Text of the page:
Holding Riverside Employers Accountable for Workplace Discrimination
You work hard to find employment that matches your skills. Many workers attend a trade school, college, or professional school. Skilled workers often spend years developing their craft. Unskilled workers rely on employment to pay their bills and have a chance to get ahead. Employers in Riverside are required to judge you based on your education and experiences. Federal and state employment and labor laws forbid employers from discriminating against a job applicant or worker based on most types of identity characteristics.
Employers who are covered by these federal and state laws generally cannot discriminate regarding hiring, firing, promotions, job benefits, opportunities for advancement, and your work environment – based on any of the following characteristics:
- National origin
- Age if over 40
- A disability
- Sexual orientation
- Gender preference
- Military status
- Other identity characteristics
What laws govern discrimination in Riverside workplaces?
There are several federal laws that govern workplace discrimination. The laws generally apply to all aspects of employment. Which employers are required to comply with the laws differ somewhat based on how many employees work for the employer. Experienced Riverside employment discrimination lawyers can explain whether your employer is required to comply with the applicable federal discrimination law.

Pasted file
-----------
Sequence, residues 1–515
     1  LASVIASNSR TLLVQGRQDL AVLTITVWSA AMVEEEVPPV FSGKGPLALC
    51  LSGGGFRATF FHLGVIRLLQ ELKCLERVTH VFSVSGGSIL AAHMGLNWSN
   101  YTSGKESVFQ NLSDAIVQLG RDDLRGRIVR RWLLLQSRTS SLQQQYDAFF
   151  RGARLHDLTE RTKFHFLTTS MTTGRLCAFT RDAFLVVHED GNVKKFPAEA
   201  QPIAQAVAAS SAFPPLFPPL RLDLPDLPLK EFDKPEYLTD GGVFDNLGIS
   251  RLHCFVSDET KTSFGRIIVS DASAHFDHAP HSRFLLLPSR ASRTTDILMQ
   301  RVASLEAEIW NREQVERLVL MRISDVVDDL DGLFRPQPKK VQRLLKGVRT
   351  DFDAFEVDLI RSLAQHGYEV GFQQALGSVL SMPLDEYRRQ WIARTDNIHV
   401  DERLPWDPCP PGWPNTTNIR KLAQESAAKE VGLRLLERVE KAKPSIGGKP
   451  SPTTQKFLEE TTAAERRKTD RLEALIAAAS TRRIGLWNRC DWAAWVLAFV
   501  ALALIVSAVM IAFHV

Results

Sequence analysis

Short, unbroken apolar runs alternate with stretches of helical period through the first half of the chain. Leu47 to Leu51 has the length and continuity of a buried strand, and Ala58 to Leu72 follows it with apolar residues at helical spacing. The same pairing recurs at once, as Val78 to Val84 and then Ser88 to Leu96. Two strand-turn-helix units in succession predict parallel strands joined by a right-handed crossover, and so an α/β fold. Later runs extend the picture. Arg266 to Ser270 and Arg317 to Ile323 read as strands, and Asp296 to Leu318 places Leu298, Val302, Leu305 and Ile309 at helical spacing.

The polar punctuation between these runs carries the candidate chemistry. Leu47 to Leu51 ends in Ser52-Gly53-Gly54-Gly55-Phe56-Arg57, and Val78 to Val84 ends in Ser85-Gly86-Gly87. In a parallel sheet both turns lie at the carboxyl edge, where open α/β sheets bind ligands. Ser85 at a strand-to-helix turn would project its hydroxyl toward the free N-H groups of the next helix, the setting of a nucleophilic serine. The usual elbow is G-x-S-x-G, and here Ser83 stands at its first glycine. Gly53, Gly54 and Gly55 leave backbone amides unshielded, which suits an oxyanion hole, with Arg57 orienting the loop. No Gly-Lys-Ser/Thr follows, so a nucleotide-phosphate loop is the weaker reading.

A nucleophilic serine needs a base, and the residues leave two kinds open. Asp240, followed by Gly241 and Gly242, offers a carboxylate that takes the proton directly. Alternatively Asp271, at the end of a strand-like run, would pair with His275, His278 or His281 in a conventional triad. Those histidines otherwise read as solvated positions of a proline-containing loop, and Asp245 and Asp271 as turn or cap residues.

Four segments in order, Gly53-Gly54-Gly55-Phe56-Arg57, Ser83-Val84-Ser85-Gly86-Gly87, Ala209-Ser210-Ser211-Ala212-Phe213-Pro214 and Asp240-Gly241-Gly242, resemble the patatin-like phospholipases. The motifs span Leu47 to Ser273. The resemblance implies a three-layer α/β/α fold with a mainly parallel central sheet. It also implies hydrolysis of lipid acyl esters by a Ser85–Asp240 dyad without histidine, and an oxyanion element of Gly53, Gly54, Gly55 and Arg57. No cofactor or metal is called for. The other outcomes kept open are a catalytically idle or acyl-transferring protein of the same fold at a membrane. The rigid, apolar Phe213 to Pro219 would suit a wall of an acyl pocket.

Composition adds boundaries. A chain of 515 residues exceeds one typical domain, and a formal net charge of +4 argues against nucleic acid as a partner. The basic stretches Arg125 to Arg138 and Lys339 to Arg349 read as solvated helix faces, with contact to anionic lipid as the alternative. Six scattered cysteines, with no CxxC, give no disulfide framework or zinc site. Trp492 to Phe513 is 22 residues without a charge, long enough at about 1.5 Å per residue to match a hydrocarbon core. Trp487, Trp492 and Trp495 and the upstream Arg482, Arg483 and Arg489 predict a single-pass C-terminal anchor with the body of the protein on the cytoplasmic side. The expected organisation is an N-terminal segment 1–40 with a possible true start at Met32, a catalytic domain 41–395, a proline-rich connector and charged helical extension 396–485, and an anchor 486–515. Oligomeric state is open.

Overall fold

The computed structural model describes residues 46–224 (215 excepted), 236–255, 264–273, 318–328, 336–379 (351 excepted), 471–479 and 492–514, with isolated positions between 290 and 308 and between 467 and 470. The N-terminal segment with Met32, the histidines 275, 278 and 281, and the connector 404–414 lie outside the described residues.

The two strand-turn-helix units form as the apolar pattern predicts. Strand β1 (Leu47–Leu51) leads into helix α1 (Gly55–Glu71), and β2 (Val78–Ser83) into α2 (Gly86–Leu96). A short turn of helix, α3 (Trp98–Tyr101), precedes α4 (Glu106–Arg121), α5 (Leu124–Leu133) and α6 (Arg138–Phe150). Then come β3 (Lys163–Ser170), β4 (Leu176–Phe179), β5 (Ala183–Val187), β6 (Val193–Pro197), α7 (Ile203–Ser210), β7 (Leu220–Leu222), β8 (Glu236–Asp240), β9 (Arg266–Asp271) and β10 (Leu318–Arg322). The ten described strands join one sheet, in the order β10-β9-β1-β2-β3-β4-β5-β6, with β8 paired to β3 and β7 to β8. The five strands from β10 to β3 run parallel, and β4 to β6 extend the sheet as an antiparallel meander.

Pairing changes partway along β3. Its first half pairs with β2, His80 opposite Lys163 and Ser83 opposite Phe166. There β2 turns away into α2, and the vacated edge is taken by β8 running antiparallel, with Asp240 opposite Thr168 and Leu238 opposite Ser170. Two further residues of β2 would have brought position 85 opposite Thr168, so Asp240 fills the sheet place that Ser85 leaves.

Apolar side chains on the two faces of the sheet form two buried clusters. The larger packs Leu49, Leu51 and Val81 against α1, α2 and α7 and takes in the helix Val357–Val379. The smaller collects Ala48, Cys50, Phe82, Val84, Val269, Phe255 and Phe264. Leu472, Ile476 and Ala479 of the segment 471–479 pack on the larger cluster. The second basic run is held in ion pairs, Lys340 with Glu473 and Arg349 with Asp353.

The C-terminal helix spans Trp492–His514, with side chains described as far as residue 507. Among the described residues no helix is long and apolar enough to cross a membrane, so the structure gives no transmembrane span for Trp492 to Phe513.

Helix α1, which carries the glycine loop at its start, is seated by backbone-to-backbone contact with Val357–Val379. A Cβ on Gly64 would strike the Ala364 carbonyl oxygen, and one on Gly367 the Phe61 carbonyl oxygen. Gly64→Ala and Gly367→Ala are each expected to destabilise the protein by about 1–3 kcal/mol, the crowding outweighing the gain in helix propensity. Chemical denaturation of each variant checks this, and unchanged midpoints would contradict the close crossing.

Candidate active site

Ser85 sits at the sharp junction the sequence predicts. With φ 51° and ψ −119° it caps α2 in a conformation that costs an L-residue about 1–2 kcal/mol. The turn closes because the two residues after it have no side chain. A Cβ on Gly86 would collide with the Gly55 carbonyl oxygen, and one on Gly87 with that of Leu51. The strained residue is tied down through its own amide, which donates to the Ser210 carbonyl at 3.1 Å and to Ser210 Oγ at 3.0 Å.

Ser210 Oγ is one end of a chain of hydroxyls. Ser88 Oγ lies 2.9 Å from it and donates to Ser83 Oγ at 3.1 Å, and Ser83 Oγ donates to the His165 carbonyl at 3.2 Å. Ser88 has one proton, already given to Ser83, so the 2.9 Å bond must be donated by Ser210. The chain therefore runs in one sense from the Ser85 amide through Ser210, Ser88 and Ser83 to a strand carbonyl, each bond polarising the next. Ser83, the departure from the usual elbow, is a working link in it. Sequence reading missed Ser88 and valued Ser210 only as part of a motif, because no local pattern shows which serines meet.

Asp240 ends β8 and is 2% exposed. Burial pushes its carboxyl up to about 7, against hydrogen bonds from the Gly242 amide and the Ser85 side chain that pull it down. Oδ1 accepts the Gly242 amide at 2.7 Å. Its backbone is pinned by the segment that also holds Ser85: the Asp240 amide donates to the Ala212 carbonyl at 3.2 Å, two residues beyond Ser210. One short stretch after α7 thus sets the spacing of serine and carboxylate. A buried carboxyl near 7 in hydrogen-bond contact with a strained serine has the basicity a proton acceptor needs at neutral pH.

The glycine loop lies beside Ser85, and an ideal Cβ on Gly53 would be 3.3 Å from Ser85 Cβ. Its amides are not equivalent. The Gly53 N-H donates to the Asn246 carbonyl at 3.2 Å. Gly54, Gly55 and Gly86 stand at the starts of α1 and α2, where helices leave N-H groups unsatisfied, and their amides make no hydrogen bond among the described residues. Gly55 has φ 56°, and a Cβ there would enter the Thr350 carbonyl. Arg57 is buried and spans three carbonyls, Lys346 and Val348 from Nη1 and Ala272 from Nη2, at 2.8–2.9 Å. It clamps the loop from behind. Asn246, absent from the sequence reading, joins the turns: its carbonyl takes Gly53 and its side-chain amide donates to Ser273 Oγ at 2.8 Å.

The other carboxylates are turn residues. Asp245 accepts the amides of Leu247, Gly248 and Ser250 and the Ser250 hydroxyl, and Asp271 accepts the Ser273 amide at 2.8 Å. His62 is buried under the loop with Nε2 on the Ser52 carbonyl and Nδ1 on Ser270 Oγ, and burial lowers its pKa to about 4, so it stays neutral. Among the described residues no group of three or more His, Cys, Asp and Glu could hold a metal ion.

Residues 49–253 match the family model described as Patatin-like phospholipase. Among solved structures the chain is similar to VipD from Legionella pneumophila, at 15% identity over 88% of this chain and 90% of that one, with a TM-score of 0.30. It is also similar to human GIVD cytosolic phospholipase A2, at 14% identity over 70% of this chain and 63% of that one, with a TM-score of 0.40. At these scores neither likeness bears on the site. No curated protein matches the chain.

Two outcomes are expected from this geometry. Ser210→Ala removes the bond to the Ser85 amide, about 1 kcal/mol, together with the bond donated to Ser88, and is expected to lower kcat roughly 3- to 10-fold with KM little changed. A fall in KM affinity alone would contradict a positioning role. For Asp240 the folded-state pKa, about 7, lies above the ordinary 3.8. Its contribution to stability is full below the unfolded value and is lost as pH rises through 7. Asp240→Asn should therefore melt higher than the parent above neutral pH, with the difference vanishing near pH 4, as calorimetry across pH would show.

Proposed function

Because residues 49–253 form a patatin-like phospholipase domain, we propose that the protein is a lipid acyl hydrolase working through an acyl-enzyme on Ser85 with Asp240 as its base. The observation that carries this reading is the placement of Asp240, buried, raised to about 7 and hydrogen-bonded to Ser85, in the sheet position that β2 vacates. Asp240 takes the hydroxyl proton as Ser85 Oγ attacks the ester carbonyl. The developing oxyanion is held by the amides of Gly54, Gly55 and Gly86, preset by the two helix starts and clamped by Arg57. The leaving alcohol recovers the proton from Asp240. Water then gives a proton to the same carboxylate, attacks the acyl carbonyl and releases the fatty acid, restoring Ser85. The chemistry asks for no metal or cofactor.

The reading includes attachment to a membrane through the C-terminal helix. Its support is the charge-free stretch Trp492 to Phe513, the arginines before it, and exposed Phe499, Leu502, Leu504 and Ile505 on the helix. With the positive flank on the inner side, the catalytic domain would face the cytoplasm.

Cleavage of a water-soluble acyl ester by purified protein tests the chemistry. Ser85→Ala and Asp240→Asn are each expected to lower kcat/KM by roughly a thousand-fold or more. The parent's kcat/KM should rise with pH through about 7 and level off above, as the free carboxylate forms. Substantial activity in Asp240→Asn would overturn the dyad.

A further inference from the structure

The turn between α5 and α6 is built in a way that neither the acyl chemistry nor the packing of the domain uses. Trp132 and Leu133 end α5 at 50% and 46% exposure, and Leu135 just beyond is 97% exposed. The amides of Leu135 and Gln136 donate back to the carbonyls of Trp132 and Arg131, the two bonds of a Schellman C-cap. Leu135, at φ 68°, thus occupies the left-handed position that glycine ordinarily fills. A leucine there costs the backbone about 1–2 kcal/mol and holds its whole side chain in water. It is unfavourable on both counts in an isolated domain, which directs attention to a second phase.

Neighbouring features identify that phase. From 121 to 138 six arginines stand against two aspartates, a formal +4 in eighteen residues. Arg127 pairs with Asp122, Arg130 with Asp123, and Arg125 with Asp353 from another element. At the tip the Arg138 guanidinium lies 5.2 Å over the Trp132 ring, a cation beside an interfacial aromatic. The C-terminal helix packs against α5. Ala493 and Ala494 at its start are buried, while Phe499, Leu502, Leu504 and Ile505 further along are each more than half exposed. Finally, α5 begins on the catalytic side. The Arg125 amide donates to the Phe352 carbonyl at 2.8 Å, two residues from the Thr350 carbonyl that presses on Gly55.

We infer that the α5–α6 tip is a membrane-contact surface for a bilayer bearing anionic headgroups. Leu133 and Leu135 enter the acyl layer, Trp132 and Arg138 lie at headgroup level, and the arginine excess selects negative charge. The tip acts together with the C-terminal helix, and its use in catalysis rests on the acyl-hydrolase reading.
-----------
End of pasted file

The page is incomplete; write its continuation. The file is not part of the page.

- The Civil Rights Act of 1964, Titles VI and VII, applies to employment discrimination based on your color, religion, country of national origin, or your race. This law applies to employers that are:
“engaged in an industry affecting commerce who has fifteen or more employees for each working day in each of twenty or more calendar weeks in the current or preceding calendar year, and any agent of such a person, but such term does not include… the United States, a corporation wholly owned by the Government of the United States, an Indian tribe, or any department or agency of the District of Columbia subject by statute to procedures of the competitive service.”
Covered employers include individuals, governments, governmental agencies, labor unions, corporations, partnerships, mutual companies, and other types of employers.
Generally (exceptions do apply) employers can’t discriminate based on your race, color, religion, sex, or national organization regarding hiring, firing, compensation, or the terms (or conditions/privileges) of employment. The Civil Rights Act of 1964 also forbids employers from discrimination based on these identity categories by limiting, segregating, or classifying “employees or applicants for employment in any way which would deprive or tend to deprive any individual of employment opportunities or otherwise adversely affect his status as an employee.”
The Civil Rights Act of 1964 defines what evidence is required to prove discrimination occurred, what exceptions apply, and what remedies an employee can use to hold employers accountable for workplace discrimination. The Act also sets forth the enforcement powers of the Equal Employment Opportunity Commission which oversees that Act such as the power to conduct investigations.
The Civil Rights Act of 1964, among many other protections, requires that employers respect an employee’s religious practices. The work environment should not be hostile to a person’s religion – the worker should be free from insults, slurs, and abusive behavior.
- The Equal Pay Act of 1963 prohibits covered employers from paying employees different wages to employees of different sexes who have the same skills and experience. Gender or sex discrimination under the Equal Pay Act of 1963 also includes unequal treatment regarding hiring, firing, promotions, the type of job the employee can perform, job benefits, and training opportunities.